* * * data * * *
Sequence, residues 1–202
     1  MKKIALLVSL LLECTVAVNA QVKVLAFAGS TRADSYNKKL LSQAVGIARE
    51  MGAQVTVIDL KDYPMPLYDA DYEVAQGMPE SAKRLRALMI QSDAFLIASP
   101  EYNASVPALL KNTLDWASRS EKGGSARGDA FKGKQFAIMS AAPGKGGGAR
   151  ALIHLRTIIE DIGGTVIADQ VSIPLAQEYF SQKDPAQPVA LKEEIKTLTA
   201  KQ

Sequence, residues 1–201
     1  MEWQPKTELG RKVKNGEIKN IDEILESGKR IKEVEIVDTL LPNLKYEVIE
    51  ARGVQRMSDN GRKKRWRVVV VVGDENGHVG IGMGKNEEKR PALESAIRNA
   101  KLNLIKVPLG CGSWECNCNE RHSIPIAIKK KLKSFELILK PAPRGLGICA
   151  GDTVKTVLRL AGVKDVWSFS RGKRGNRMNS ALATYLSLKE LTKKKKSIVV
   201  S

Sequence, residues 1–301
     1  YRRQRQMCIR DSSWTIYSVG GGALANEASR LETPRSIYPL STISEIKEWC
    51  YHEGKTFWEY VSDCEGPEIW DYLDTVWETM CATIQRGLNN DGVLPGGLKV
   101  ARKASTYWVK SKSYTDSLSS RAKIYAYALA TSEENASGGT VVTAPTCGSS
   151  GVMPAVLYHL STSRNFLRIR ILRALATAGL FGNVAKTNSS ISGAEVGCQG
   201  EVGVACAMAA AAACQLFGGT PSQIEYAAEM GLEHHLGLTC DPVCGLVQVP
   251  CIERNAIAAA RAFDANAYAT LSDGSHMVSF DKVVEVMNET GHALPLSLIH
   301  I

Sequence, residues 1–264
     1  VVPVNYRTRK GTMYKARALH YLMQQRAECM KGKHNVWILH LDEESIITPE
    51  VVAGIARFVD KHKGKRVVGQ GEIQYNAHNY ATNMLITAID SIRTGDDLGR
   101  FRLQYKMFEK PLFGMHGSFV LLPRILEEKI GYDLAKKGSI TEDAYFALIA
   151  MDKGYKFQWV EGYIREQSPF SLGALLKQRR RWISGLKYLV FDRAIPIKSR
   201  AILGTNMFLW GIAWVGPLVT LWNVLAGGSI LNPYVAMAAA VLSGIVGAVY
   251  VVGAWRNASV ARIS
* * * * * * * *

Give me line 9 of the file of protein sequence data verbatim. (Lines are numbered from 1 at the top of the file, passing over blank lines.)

    51  ARGVQRMSDN GRKKRWRVVV VVGDENGHVG IGMGKNEEKR PALESAIRNA